What About The HMO? Is Medical Malpractice Only The Crime Of The Doctor?

Managed Care Plans are health plans that currently cover over 85% of Americans.

Hailed as a cure for the health care system, in it’s attempts to control spending, have they instead been worse than the disease of health care waste?

Many Medical malpractice cases can be linked to the restrictions on health care put there by an HMO.

In one case an 80- year old woman complained of chest pains. She was given a minor pill for symptomatic relief.

2 weeks later she took herself to the emergency room, but her HMO would not allow her emergency room doctor see her medical records. Several more days of misdiagnoses followed. It was finally discovered that she had infected valves of the heart and suffered from congestive heart failure. No decisive action was taken and the woman died soon after.

In another case, a man in his 40s was diagnosed with deadly bile duct cancer. There is a surgical treatment but it is complicated and expensive. The surgery was ready to go when his HMO denied payment for the procedure. The patient was forced to mortgage his house to have the life-saving surgery.

The system is also protected largely under federal law. Currently patients can sue doctors for malpractice, but federal law makes it difficult to sue a health insurer for coverage decisions. The near total defensive armor for insurance companies is the ERISA law. ERISA stands for Employment Retirement Security Act of 1974, and it shields most health insurance companies from the consequences of their decisions to limit or deny health care.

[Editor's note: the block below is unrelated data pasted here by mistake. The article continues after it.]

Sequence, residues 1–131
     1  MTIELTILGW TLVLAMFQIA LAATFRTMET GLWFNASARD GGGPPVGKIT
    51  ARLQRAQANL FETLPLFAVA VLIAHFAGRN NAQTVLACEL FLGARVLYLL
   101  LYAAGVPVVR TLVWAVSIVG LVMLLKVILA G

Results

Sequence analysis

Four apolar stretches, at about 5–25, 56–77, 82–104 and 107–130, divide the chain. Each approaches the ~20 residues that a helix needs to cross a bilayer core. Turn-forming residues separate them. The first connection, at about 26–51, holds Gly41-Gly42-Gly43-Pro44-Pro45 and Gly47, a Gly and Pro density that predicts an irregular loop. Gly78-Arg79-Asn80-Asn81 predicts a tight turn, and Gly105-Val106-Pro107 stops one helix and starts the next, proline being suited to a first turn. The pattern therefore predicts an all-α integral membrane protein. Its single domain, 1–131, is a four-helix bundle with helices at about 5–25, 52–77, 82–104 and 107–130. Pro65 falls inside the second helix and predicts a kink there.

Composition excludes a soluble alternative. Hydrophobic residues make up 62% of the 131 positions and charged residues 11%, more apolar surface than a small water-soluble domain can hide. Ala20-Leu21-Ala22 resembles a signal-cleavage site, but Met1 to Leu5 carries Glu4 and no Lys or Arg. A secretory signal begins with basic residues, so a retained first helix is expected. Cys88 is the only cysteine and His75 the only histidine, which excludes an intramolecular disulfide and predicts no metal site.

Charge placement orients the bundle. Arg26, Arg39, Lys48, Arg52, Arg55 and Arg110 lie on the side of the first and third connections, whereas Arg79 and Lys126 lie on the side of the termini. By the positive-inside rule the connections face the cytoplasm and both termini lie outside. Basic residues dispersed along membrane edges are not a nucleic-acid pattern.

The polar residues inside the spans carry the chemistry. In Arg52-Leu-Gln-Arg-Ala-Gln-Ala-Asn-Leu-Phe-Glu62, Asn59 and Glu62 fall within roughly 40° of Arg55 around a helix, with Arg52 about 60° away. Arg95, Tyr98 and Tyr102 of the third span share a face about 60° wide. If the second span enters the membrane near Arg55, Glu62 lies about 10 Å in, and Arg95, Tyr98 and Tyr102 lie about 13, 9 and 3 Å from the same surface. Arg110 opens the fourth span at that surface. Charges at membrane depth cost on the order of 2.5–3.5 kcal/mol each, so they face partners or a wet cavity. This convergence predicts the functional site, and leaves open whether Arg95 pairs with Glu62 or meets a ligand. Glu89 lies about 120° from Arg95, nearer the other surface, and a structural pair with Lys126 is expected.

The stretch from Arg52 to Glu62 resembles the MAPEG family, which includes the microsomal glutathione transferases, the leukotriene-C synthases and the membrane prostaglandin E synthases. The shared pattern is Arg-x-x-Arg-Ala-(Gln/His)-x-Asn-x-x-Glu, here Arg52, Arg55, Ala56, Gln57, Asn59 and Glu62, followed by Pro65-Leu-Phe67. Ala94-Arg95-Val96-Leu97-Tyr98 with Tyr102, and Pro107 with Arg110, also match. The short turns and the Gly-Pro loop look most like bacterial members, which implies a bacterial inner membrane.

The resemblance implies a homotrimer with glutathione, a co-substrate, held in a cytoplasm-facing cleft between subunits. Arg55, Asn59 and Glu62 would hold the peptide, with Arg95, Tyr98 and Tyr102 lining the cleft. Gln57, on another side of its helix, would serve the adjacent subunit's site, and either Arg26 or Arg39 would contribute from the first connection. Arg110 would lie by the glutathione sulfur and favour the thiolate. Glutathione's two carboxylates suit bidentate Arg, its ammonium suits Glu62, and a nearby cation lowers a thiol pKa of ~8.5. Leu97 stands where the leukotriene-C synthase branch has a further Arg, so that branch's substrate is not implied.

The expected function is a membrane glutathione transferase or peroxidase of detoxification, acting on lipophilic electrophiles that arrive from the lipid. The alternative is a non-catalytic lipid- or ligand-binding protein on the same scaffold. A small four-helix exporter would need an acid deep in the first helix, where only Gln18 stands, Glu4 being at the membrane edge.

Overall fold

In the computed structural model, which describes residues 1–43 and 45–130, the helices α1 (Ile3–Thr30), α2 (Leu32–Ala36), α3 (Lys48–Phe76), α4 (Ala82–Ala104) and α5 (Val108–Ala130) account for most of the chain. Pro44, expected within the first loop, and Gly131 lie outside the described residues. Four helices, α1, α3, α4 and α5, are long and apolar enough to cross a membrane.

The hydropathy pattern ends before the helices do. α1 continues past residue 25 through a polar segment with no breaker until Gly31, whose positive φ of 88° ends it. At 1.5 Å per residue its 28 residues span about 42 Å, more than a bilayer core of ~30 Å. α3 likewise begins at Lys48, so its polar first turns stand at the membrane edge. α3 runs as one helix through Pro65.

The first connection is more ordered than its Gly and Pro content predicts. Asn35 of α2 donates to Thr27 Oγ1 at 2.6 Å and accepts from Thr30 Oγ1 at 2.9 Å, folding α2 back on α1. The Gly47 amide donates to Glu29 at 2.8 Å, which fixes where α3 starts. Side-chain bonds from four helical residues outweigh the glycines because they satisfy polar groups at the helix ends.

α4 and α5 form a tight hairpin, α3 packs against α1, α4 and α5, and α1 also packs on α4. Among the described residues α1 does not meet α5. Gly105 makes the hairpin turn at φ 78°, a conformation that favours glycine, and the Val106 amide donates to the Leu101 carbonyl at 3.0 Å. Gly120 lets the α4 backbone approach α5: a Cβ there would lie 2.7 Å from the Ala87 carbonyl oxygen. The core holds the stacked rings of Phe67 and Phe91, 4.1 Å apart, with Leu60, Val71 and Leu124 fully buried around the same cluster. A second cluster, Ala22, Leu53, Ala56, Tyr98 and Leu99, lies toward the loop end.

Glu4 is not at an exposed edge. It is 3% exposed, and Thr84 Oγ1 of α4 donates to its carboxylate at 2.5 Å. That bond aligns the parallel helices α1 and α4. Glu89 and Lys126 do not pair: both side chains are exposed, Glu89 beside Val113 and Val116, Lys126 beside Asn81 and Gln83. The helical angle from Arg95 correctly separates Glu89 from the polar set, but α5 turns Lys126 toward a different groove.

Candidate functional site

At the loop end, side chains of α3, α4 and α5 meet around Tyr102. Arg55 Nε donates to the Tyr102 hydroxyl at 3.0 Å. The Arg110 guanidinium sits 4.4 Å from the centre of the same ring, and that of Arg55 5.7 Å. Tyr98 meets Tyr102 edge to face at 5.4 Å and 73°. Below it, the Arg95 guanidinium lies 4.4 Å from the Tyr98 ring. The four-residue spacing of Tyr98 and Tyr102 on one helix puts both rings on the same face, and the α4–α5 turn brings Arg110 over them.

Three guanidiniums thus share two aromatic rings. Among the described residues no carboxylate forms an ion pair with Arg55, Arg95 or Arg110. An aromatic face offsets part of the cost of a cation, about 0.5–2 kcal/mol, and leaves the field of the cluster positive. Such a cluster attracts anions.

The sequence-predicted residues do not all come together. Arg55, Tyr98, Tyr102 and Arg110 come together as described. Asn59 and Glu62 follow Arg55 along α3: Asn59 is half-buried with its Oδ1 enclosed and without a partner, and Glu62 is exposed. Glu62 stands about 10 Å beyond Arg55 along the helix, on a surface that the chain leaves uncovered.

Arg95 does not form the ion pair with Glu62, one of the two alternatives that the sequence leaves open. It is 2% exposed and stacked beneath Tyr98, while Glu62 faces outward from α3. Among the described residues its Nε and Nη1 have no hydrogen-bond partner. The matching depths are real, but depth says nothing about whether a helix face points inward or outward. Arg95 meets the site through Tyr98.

It is called a Protected Employee Benefit, and the ERISA law overrides state laws on the subject. Recently a Third Circuit court ruled that malpractice claims are not stopped by the ERISA, so this is still under much litigation.

In the so-called Dukes case 1995, the decision read in part:

"We recognize that the distinction between the quantity of benefits due under a welfare plan and the quality of those benefits will not always be clear in situations like this where the benefit contracted for is healthcare services rather than money to pay for such services".

In the 2004 Davila vs. Aetna case, the ERISA law was upheld. Cuts in Medicaid and Medicare, together with Managed Health care plans will still make it difficult to get good health care.